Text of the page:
A Conversation About Conversions
Part 1 of this blog went over the basics of Roth accounts, while Part 2 covered the pros and cons of backdoor Roth IRAs. If you missed either one, you can find Part 1 here and Part 2 here. If you like the idea of tax-free growth for retirement, another strategy to consider is doing a Roth conversion, where you choose to move savings from a pre-tax retirement account to a Roth account for the purpose of future tax savings.
The General Idea
The IRS currently allows for a conversion of pre-tax retirement savings to a post-tax Roth account, without any caps on the amount of the conversion or any income limits on eligibility (for now, anyway). This conversion is typically fully taxable, in other words the full amount of the pre-tax conversion is taxed in the year of conversion. This tax impact can be painful if the investor is converting a large amount or if they are in a high tax bracket, or both. Also, if the investor is under 59 ½, they may want to consider paying the taxes from another source because drawing from the retirement accounts to pay the tax would incur an additional 10% early withdrawal penalty. However, despite these drawbacks, there are some benefits that could make a Roth conversion attractive. First, the proceeds of the conversion will then grow tax-free until withdrawal so this protects the investor from the risk of increasing tax rates over time. Second, there are no Required Minimum Distributions (RMDs) from a Roth account at any age, so there is more flexibility on when to take withdrawals, if ever.
It is worth thinking strategically about when to execute a Roth conversion in order to optimize the results. The tax impact of the conversion will be less in a year where the investor has a lower income, or when they happen to have losses or deductions to offset the additional tax. It might also be wise to execute the conversion at a low point in the market (e.g. after a large drop) to minimize the taxes and hopefully see the rebound in the market occur in the tax-free Roth account. Another consideration would be if the investor knew they were eventually moving to a state with higher income taxes, it might make sense to take the tax hit before the move.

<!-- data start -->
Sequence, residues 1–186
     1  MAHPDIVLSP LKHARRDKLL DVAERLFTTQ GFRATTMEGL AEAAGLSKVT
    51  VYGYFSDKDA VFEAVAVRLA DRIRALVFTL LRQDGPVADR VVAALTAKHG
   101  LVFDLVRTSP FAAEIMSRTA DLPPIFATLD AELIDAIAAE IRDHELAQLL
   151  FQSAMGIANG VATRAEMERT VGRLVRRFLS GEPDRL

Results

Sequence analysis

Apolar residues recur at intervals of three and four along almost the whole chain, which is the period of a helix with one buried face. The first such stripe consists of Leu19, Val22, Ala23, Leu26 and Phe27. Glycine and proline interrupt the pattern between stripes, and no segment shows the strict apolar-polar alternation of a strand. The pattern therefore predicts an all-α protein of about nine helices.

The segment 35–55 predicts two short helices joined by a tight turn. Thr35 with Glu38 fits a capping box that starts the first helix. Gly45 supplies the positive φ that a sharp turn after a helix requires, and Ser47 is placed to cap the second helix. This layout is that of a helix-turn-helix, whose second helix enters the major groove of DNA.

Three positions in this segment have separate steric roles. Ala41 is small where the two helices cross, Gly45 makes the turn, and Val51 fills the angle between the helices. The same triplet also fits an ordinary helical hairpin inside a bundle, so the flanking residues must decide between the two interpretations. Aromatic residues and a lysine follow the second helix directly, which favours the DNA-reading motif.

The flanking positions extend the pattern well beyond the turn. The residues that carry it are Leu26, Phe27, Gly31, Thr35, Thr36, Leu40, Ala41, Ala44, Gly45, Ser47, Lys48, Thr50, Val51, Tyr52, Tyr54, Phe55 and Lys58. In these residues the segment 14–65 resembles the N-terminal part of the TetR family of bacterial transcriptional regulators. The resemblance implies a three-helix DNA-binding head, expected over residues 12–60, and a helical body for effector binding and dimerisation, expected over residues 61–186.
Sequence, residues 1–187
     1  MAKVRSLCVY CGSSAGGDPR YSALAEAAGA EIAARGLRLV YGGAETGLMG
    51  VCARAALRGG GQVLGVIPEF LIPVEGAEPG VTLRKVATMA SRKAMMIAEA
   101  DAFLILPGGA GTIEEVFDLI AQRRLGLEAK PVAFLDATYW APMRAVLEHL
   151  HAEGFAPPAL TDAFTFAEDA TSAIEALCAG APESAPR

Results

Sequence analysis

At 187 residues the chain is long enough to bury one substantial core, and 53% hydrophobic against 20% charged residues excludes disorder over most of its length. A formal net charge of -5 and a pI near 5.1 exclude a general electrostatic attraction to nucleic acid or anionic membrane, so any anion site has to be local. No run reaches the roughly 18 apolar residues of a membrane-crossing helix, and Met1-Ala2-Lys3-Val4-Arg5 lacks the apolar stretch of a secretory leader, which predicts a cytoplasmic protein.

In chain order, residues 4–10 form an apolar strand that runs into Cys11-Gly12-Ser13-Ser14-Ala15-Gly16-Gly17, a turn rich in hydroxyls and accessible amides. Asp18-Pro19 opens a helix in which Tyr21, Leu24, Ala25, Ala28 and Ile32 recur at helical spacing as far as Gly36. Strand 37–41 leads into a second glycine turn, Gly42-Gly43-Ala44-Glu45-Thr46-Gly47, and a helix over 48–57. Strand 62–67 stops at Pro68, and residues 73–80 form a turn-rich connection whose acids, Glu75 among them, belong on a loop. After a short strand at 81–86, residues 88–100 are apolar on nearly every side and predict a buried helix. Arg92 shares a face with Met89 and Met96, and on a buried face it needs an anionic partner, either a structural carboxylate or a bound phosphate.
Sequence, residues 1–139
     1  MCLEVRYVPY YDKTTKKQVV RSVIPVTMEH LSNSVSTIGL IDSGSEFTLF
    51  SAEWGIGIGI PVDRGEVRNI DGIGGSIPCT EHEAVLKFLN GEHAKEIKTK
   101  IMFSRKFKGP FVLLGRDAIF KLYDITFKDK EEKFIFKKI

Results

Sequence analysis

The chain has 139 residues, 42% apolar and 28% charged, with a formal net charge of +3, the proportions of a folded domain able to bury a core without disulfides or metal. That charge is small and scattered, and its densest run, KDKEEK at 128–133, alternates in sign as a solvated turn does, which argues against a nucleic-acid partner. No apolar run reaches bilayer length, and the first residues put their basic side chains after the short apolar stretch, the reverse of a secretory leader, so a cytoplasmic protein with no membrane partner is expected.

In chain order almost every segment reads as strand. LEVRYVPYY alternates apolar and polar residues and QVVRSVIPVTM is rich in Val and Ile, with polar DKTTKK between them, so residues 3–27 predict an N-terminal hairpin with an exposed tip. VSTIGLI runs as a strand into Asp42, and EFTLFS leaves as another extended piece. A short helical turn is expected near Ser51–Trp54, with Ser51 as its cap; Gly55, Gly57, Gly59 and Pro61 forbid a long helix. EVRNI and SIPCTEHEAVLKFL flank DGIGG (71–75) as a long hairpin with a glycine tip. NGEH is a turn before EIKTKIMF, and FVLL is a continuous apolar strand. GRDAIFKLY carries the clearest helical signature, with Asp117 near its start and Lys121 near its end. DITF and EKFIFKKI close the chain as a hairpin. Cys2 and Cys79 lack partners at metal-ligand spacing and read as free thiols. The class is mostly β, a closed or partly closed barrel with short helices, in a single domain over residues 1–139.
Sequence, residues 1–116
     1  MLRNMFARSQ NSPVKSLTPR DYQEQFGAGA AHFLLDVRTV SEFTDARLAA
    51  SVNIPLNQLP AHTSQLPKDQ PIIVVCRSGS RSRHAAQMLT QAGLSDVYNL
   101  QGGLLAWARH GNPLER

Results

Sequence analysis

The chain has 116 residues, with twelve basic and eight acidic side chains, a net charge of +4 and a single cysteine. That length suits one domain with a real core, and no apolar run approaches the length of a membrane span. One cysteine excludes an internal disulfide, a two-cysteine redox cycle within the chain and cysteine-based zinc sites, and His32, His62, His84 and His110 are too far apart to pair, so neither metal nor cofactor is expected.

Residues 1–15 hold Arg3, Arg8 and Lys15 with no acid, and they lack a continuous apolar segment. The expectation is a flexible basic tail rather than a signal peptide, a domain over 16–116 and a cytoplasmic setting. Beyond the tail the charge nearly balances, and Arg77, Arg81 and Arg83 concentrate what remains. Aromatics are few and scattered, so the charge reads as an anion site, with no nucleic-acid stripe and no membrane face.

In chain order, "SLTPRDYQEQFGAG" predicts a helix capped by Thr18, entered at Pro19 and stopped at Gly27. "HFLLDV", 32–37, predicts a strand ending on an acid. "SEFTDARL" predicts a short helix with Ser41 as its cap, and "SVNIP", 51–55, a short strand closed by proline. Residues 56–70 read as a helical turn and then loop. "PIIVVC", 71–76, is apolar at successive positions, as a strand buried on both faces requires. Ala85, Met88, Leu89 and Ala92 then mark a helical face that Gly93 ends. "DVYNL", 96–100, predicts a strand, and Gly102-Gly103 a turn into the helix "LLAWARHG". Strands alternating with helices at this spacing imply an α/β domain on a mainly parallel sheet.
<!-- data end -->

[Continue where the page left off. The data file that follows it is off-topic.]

The Build Back Better (BBB) legislation that was being discussed in Congress late last year included a provision that would put an income limit on Roth conversions. The income limit was fairly high ($400K for single filers and $450K for married filing jointly), and the effective date was not until 2030. However, since the BBB legislation did not pass, it is unclear how the treatment of Roth conversions could change going forward. It is possible that the BBB legislation could still pass in some form in 2022, but it is worth watching whether this provision is included and what the effective date of any change will be.
Disclosure: Traditional IRA account owners have considerations to make before performing a Roth IRA conversion. These primarily include income tax consequences on the converted amount in the year of conversion, withdrawal limitations from a Roth IRA, and income limitations for future contributions to a Roth IRA. In addition, if you are required to take a required minimum distribution (RMD) in the year you convert, you must do so before converting to a Roth IRA.
Neil Manning, CFP, AIF, CDFA, FSA
I am a reformed actuary turned financial advisor, helping my clients with everything from investments to retirement projections to LTC insurance since 2014. Unlike most normal people, I love numbers and finance – I’m currently reading a book about game theory which my wife and two teenage daughters think is unbelievably boring (they are wrong). For more details about my background, check out my website below.